Genetics as a subject matter has a lot of terms which we often come across as we view genetically related articles. These terms are however confusing and even complicate one’s ability to comprehend a given passage if one is not conversant with them. This post tends to solve this issue by outlining the meaning of these commonly used terms in genetics as follows:
Allele One of the different forms of a gene or DNA sequence that can exist at a single locus.
Aneuploid Not having the “correct” chromosome composition. An individual with an abnormal complement of chromosomes resulting from the absence of a chromosome(s) or the presence of an additional chromosome(s).
Annealing Formation of double-stranded nucleic acid from single stranded forms.
Apoptosis Programmed cell death (PCD); a process in which cellular DNA is degraded and the nucleus condensed; then cell is then devoured by neighboring cells or phagocytes.
Autosome Any chromosome other than the sex chromosomes or the mitochondrial chromosome.
Blastocysts In mammals, the embryo at the 16-cell stage of development through the 64-cell satge when the embryo implants.
Cancer genes Mutant alleles of naormal genes that lead to cancer
Carcinogen Physical or chemical agent which induces cancer.
Carrier In human genetics, an individual heterozygous for a mutant allele that generally causes disease only in the homozygous state. More generally, an individual who possesses a mutant allele but does not express it in the phenotype because of a dominant allelic partner; thus, an individual of genotype Aa is a carrier of a if there is complete dominance of A over a.
cDNA A duplex DNA where one strand is identical in sequence (except for T in place of U) and one is complementary to a particular RNA.
cDNA libraries Libraries which store sequences copied into DNA from RNA transcripts; typically these sequences carry only the exon information for making proteins.
Centimorgan (cM) A unit of measure of ecombination frequency. One cM is equal to 1% chance that a marker at one genetic locus will be separated from a marker at a second locus due to crossing-over in a single generation.
Chiasmata Observable regions in which nonsister chromatids of homologous chromosomes cross-over each other.
Chi square (c2) test A statistical test to determine the probability that an observed deviation from the expected event or outcome occurs solely by chance.
cis-acting locus Locus that affects the activity only of DNA sequences on the same molecule of DNA; usually implies that the locus does not code for protein.
cis configuration Two sites on the same molecule of DNA.
Clone A group of cells or molecules that are identical by having arisen from a single ancestral cell or molecule.
Chromosomes Self-replicating structures of cells that carry in their nucleotide sequences the linear array of genes.
Complementarity The chemical affinity between specific nitrogenous bases as a result of their hydrogen bonding properties. The property of two nucleic acid chains having base sequences such that an antiparallel duplex can form where the adenines and thymines (or uracils) are apposed to each other, and the guanines and cytosines are apposed to each other.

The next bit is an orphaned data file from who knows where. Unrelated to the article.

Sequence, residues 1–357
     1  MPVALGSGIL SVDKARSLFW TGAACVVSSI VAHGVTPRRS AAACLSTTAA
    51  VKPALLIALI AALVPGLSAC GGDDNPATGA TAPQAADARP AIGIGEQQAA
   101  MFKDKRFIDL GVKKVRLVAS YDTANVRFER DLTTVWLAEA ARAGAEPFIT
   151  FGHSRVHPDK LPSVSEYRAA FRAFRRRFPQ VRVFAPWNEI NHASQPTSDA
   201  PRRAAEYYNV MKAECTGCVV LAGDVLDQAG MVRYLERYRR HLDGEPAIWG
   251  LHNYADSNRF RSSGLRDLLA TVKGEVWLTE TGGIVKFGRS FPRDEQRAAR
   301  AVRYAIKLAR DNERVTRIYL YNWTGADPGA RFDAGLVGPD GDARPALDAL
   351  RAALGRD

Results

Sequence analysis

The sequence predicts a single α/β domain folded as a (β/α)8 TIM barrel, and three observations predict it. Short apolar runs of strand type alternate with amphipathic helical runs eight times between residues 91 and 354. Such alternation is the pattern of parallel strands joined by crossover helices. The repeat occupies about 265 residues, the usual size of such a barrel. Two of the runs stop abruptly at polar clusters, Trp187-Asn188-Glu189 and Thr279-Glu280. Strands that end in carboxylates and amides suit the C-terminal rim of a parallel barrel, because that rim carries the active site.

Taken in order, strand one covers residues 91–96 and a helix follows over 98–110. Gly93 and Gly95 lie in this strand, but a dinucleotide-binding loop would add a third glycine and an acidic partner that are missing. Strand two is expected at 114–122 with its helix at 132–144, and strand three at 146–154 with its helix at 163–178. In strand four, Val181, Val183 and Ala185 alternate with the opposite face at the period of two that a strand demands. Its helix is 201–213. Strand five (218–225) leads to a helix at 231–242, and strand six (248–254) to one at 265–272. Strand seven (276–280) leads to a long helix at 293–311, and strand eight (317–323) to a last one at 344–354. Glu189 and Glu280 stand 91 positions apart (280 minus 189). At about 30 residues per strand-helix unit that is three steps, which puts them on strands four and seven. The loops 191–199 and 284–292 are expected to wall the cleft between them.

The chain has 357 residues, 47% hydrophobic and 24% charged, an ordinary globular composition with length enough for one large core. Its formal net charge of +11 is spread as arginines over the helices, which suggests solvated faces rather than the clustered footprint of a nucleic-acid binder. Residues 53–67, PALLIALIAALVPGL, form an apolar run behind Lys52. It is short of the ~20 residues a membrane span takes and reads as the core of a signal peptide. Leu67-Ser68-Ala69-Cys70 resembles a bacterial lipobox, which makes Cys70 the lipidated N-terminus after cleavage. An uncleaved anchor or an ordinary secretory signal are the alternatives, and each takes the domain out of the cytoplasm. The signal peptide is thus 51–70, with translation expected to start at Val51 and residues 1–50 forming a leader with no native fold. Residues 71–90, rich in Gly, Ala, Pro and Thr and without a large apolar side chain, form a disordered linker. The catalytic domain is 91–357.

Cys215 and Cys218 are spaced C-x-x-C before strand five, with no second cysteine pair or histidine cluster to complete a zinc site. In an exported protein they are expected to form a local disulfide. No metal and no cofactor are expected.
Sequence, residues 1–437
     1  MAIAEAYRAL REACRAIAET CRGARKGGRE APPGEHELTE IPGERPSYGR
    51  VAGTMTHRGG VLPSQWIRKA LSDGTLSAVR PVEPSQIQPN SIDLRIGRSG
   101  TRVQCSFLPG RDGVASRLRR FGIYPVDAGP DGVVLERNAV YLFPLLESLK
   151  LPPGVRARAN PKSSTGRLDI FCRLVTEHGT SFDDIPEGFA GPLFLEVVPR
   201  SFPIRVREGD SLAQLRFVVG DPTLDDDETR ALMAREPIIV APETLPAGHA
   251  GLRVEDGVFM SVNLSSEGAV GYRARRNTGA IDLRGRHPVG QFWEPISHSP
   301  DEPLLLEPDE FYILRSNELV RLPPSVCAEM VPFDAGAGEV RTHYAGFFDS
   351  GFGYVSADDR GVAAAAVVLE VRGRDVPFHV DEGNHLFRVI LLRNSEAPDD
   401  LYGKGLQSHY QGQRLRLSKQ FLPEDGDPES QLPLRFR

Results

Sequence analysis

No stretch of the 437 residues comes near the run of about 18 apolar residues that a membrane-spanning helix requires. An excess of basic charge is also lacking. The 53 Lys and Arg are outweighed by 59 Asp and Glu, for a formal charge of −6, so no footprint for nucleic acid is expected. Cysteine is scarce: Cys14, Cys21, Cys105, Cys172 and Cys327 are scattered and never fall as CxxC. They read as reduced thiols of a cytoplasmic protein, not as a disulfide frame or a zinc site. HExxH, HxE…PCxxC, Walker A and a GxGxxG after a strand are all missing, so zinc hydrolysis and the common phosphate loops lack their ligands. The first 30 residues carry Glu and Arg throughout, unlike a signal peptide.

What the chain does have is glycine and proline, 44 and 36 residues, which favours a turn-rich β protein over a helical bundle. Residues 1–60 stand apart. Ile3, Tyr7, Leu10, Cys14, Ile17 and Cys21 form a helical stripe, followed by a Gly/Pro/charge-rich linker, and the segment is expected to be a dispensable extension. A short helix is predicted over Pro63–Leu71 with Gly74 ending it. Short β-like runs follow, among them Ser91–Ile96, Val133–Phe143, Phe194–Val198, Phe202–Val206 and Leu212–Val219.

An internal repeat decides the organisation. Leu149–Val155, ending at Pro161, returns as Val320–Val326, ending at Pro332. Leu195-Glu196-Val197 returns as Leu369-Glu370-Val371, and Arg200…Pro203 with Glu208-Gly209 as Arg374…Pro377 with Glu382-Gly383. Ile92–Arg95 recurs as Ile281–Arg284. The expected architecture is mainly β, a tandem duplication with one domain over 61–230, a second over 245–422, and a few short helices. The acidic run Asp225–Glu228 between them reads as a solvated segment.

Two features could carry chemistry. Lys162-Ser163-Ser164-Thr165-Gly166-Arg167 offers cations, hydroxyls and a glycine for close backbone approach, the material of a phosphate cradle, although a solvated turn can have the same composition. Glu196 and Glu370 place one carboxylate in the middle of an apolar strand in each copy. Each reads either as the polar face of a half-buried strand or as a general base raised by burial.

Complementation The production of a wild-type phenotype when two different mutations are combined in a diploid or a heterokaryon.
Chromatid One of the two side-by-side replicas produced by chromosome duplication.
Codon A triplet of nucleotides that represents an amino acid or a termination (STOP) signal.
Cross The deliberate mating of selected parents based on particular genetic traits desired in the offspring.
Cross-over During meiosis, the breaking of one maternal chromosome, resulting in the exchange of corresponding sections of DNA, and the rejoining of the chromosome. The process can result in the exchange of alleles between chromosomes. Compare recombination.
Cytoplasmic inheritance Inheritance via genes found in cytoplasmic organelles.
Degenerate code A genetic code in which some amino acids may be encoded by more than one codon each.
The separation of the two strands of a DNA double helix, or the severe disruption of the structure of any complex molecule without breaking the major bonds of its chains.
Domain of a protein A discrete continuous part of the amino acid sequence that can be equated with a particular function.
Dominance The expression of a trait in the heterozygous condition.
Downstream Sequences proceeding farther in the direction of transcription, for example, the coding region is downstream of the promoter.
Endonuclease An enzyme that cleaves the phosphodiester bond within a nucleotide chain.
Enzyme A protein that functions as a catalyst.
Eukaryotes Organisms (ranging from yeast to humans) which have nucleated cells.
Euploid Having the “correct” chromosome composition. Cells containing only complete sets of chromosomes.
Exon Any segment of an interrupted gene that is represented in the mature RNA product. The protein-coding sequences of a gene.
Exonuclease An enzyme that cleaves nucleotides one at a time from an end of a polynucleotide chain.
Familial trait Any trait that is more common in relatives of an affected individual than in the general population; could be due to genetic and/or environmental causes.